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Sunday, May 27, 2018
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A project too big and a vote too soon

Clearwater voters will have a chance Nov. 5 to decide whether a plan to build a 200,000-square-foot aquarium on prime downtown property should move forward or be halted in its tracks.

The Clearwater Marine Aquarium wants to capitalize on the phenomenal popularity of Winter the dolphin by building a three-story facility along the bluff where City Hall now sits.

The plan’s backers say as many as 2 million people may visit annually, and they promise to give the city $7.5 million to build a new City Hall. The risk to Clearwater’s taxpayers is being mitigated with federal and state grants, tourist bed-tax dollars, special taxing district revenues, and private donations to cover the estimated $160 million cost. No city funds are being committed.

But first, voters must give their blessing for the city to lease public land for use as an aquarium site.

We think voters should reject the request. We support expanding the marina, which focuses on marine life rescue, but we find the plan to be overly ambitious and overly optimistic. And we don’t understand why voters are being rushed to make a key vote before a feasibility study is completed.

Supporters like to point out that a successful vote Nov. 5 does not signal a green light to build. There would remain significant financial hurdles to overcome, and the City Council would have the final say.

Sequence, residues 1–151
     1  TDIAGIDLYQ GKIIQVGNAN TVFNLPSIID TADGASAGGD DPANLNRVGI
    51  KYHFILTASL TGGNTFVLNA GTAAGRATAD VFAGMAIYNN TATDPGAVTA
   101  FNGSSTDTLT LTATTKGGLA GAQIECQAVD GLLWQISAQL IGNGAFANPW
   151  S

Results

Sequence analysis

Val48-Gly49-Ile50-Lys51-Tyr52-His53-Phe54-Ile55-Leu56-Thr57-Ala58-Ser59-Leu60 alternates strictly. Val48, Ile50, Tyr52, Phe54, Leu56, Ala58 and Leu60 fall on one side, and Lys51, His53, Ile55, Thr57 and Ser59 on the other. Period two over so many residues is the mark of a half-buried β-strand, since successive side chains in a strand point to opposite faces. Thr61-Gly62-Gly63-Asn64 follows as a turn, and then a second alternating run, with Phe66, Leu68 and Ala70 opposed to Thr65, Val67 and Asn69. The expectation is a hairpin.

But Nov. 5 is the only chance the public has to vote on a project that will define downtown Clearwater for generations. Stripped to its core, the plan is staking the city’s downtown future on the star power of a dolphin and on the chance that appeal will endure for decades beyond its eventual death.

The plan’s primary backers — former Clearwater mayor Frank Hibbard and Clearwater Marine Aquarium executives Frank Dame and David Yates — should be applauded for crafting a plan that minimizes the city’s financial exposure. Understandably, they want to strike while a sequel to the feature film about Winter is in the works, and a possible animated TV series is under consideration.

Winter’s story of triumph over long odds turned the moribund Clearwater Marine Aquarium into a tourist destination that drew about 750,000 visitors last year, up from about 250,000 before Winter. There were more visitors than could be accommodated in the former sewage treatment plant on Island Estates where the Clearwater Marine Aquarium has operated for decades.

But consistently drawing even the 1 million visitors a year needed for the proposed aquarium to break even seems implausible, considering the 18-year-old Florida Aquarium in Tampa has never drawn that many and will continue to operate in direct competition with the new aquarium.

Without question, Winter deserves a home that maximizes revenues. A new or expanded facility is needed, one that emphasizes the unique rescue, rehabilitation and release aspect that has been the aquarium’s primary mission from the start. If that’s not possible on the current site and the City Hall land is wanted for a scaled-down version of the current plan, aquarium officials should return in a year with financial commitments and a feasibility study in hand.

Downtown Clearwater struggles with its identity as a Church of Scientology headquarters. The allure of building a centerpiece attraction that could change that identity and promote commerce is appealing.

But the proposed aquarium is too large, and its long-term success is far from assured.

The plan’s backers have put together a thoughtful proposal with the best of intentions. But we find the project too ambitious and the vote premature. We recommend a “no” vote.

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